"The lovely thing about this is you didn't see that moment coming," Tom Cavanagh says. "We've got some more of that on the way."
Courtesy of the CW
We Are The Flash

Warning: This article contains spoilers for Wednesday's episode of The Flash, "Negative, Part One."

We should have known that everything going wrong on The Flash this season is all Eobard Thawne's fault. It always is!

Yes, Matt Letscher's version of the villain-turned-hero has been nothing but helpful to Barry (Grant Gustin) and Team Flash since falling in love. But it's Tom Cavanagh's version who everyone should have been watching out for — even after he was killed by the Still Force.

This week's penultimate season 8 episode, "Negative, Part One," began with Thawne's brutal death at the hands of Deon (Christian Mabgy), but it ended with his even more gruesome resurrection as the evil Thawne ripped through the good Thawne's face to emerge as the Reverse-Flash once more. And his first order of business as a supervillain back from the dead? Killing Iris (Candice Patton).

Tom Cavanagh on 'The Flash'
Tom Cavanagh on 'The Flash'
| Credit: Bettina Strauss/The CW

Yeah, things aren't looking great for Team Flash heading into next week's season 8 finale. Below, Cavanagh breaks down those deaths and what this massive twist means for the last episode of the season.

ENTERTAINMENT WEEKLY: Let's start with talking about the first big twist in the episode: Deon kills Thawne in his prison cell on Lian Yu. Not going to lie, I really thought that was the end for you! When you first read the script for this episode, did you know that after that death scene there was still going to be more for you to do?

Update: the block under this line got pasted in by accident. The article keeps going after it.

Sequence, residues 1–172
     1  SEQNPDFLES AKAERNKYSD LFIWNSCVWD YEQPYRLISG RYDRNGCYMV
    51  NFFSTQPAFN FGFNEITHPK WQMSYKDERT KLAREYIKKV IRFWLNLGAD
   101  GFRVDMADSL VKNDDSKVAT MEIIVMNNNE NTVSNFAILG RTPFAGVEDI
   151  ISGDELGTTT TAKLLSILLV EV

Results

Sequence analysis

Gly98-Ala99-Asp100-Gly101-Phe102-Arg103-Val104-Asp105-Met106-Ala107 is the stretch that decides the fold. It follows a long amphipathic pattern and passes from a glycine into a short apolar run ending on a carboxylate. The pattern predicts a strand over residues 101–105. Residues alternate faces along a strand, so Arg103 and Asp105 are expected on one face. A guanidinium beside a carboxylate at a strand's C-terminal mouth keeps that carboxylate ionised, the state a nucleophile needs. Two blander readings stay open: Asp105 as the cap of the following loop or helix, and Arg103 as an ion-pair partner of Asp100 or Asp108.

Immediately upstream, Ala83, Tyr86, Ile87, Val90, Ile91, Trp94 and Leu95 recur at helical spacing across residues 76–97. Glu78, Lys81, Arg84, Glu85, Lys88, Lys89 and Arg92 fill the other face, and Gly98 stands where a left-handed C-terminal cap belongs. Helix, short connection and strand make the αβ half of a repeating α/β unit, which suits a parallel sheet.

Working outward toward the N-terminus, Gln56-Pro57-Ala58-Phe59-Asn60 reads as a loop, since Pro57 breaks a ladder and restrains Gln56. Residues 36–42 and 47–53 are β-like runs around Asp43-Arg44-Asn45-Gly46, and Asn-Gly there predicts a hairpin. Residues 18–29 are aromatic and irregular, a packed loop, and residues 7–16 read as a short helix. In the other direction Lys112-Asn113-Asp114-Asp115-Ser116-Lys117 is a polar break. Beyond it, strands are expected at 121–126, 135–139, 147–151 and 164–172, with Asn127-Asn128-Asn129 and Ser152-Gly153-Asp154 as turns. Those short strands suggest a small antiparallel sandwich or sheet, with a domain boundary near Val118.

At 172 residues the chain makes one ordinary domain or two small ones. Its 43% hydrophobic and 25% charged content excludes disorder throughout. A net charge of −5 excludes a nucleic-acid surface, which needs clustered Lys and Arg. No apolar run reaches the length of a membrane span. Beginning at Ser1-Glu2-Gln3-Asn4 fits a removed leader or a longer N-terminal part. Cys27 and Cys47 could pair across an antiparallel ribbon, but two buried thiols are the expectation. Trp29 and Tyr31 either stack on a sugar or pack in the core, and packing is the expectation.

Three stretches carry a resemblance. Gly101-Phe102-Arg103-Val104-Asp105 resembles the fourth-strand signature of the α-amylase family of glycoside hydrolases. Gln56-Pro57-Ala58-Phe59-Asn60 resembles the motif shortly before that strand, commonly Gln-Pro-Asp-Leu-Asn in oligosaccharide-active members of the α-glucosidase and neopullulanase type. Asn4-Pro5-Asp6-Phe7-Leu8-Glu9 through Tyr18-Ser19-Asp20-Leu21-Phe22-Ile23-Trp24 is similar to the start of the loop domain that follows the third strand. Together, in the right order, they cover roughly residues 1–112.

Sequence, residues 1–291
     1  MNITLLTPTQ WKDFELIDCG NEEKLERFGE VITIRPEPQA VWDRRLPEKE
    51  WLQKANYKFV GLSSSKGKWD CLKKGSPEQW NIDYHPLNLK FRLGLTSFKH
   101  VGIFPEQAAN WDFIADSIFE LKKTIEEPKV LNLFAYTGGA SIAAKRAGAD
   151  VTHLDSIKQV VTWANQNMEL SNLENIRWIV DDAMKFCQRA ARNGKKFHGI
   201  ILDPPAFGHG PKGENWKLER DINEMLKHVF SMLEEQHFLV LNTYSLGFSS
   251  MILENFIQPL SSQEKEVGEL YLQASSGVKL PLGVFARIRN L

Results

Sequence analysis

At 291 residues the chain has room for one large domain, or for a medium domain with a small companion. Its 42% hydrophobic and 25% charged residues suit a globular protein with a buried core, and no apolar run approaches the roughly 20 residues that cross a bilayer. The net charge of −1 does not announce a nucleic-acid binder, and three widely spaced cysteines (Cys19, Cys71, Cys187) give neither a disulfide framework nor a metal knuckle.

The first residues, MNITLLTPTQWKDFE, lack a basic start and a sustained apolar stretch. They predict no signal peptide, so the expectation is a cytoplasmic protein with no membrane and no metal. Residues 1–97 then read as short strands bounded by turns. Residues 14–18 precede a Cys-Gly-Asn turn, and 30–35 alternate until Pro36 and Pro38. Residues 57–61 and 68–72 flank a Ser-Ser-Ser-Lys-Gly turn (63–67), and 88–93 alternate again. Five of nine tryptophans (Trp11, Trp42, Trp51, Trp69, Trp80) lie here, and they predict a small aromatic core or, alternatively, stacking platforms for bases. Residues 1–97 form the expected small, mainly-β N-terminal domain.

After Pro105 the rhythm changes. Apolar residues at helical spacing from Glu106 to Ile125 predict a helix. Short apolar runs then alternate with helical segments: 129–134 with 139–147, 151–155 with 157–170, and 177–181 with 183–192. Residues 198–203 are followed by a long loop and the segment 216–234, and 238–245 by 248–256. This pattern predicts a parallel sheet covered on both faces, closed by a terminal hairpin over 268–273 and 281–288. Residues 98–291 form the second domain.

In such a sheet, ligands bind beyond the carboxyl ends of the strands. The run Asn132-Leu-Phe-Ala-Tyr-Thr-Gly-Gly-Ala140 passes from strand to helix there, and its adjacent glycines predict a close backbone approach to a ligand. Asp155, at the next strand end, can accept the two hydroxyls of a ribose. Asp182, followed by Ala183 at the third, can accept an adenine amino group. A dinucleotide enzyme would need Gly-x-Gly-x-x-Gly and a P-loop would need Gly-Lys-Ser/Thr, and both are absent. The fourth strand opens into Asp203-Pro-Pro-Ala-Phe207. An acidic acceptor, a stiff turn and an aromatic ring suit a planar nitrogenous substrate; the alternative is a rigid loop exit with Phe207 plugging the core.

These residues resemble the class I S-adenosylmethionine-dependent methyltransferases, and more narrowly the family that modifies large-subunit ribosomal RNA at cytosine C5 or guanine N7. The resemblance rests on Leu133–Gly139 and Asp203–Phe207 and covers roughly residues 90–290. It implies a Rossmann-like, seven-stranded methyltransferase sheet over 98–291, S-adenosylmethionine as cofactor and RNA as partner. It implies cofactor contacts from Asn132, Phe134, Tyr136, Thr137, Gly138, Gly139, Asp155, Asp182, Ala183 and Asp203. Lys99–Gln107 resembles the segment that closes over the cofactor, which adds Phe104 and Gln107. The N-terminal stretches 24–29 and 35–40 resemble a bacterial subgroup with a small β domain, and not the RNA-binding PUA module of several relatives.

TOM CAVANAGH: Going into any character in the multiverse — and I've played a lot of them — I take any kind of death scene as like, "This happens along the character's journey and timeline." There's no finality to it. Which is lovely. You don't want to abuse the fact that we operate a show that has, as devices, the multiverse and timelines. You want these moments to be visceral and good and true, and not just like, "It's cool because we can also do this." The Flash does a solid job of that. Here's a perfect example: In season 1, I play Eobard Thawne, and I stick my hand right through Cisco Ramon's chest — the beloved Cisco Ramon, in many ways the heart and soul of The Flash, one of the OG members, and he's dead. Obviously Carlos Valdes came back to win hearts season after season after season, but that moment feels true and real. That's a perfect timeline moment. When I read something like Thawne's death — or Harry's death or Nash's death — I'm like, "That'll be fun to play along that character's journey." Again, we don't want to abuse it, but this is a tough show to say final means final.

I should know that by now, especially with your characters, but this one really had me fooled.

Good! What's nice is people who know the show a lot better than me, and I imagine you're one of them, I have heard from lots of people of that caliber that they were very surprised by the next moment, the resurrection moment, and it's because it's supported by story. I think the reason that maybe you didn't see it coming is because the writers' room did a great job of supporting it storywise, which makes the resurrection moment all the more visceral and surprising.